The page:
Before the start of business, Just Security provides a curated summary of up-to-the-minute developments at home and abroad. Here’s today’s news.


A Saudi-led airstrike hit a camp for displaced persons. At least 40 civilians were killed and about 200 wounded when the strike hit the camp in the country’s northern Hajjah province yesterday afternoon. The incident is thought to be the deadliest single episode involving civilians since the Saudi-led campaign to push back Houthi rebels began last Thursday. Saudi Arabia did not immediately respond to allegations of civilian fatalities although a spokesperson for the coalition is expected to address the subject at a briefing. [The Guardian’s Kareem Shaheen; New York Times’ Saeed al-Batati and Rick Gladstone]

Saudi-led airstrikes continue. Air raids targeted Houthi militia locations across Yemen overnight, striking Sana’a, the group’s stronghold in Sa’adeh and the town of Yarim. [Reuters’ Sami Aboudi and Mohammed Mukhashaf]

Saudi-led naval forces imposed a blockade on Yemeni ports yesterday, a move said to be aimed at preventing weapons and fighters from bolstering the Houthi ranks. [Wall Street Journal’s Hakim Almasmari and Ahmed al-Omran]

Iran has sent aid to Yemen, the first shipment of aid by Tehran since the launch of a Saudi-led coalition of Sunni Arab states against Shi’ite Houthi rebels in the country. [AP

China has evacuated more than 600 nationals from Yemen, with over 500 leaving the coastal city of al-Hodayda aboard a navy frigate. [Reuters’ James T. Areddy]

Walter Pincus tries to separate “fact from fiction” in Yemen and Iraq, noting that despite the need for the U.S. to be prepared for shifting alliances in the region, it is important to be able to tell “reality from propaganda.” [Washington Post]

Check out Haaretz for live updates as the situation in Yemen develops. 


Talks have entered their final day as the P5+1 and Iran attempt to reach a framework agreement in Lausanne ahead of the self-imposed 6 p.m. EDT deadline. Officials say the parties are close to a general statement agreeing to continue talks in a new phase, supplemented by documents that include more detailed understandings. Russian Foreign Minister Sergey Lavrov is on his way back to Lausanne, a positive sign for the negotiations as the foreign minister left talks yesterday saying he would return if an accord were imminent, report the AP’s George Jahn and Matthew Lee.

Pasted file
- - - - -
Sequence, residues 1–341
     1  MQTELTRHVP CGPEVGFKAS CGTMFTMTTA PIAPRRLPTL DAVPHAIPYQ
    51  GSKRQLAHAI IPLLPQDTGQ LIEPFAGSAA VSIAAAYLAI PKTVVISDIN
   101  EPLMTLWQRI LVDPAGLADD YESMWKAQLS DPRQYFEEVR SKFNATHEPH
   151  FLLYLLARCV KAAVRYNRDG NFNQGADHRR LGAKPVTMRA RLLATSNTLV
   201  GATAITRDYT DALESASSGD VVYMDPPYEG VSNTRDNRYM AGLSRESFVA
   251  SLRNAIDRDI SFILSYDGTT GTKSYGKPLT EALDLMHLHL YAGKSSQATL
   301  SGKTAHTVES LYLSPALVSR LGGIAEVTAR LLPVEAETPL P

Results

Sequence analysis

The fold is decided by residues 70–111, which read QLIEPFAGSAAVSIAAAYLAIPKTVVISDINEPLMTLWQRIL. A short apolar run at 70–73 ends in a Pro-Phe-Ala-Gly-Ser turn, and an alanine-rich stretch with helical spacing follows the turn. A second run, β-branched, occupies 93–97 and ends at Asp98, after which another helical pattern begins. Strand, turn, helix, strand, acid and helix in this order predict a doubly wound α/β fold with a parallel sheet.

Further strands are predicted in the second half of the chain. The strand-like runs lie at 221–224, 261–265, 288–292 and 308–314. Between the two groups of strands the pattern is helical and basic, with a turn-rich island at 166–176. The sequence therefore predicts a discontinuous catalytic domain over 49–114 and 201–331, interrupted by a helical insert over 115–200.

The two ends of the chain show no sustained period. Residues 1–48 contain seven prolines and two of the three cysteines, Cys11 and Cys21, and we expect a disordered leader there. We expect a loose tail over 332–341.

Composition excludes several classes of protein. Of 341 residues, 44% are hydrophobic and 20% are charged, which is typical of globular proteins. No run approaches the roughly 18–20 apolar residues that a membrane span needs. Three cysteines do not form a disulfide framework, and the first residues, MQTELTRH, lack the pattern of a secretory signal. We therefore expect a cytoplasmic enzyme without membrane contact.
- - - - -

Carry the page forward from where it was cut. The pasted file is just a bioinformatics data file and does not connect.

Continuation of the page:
Sticking points remain in this latest round of negotiations, particularly on enrichment research and the timeline for lifting Iran sanctions. [Reuters’ Louis Charbonneau et al] Secretary of State John Kerry told CNN after yesterday’s discussions that there is “a little more light … but ​there are still some tricky issues,” report Elise Labott and Ben Brumfield.

It is unclear whether Iran’s supreme leader will sign off on the concessions required for a deal, according to Western officials. [Wall Street Journal’s Jay Solomon and Laurence Norman]

Saudi Arabia is “lashing out against” Iran as a nuclear deal emerges, with the country expected to speed up efforts to develop a nuclear weapon, in addition to leading airstrikes against the Iran-backed Houthi rebels in Yemen, reports David D. Kirkpatrick. [New York Times]

Failure to reach agreement, now or later, is still a possibility; Michael Crowley explores the implications of the nuclear diplomacy failing. [Politico]

Bret Stephens is critical of the emerging deal and argues that the administration “refuses to negotiate openly, lest the extent of its diplomatic surrender to Iran be prematurely and fatally exposed,” in a Wall Street Journal op-ed.

Securing an Iran deal must remain an American priority, even if it is inconsistent with backing Saudi’s campaign in Yemen, argues Roger Cohen. [New York Times]

A majority of Americans support a deal with Iran that would limit the country’s nuclear program in exchange for relaxing sanctions on Tehran, according to a new Washington Post-ABC News poll.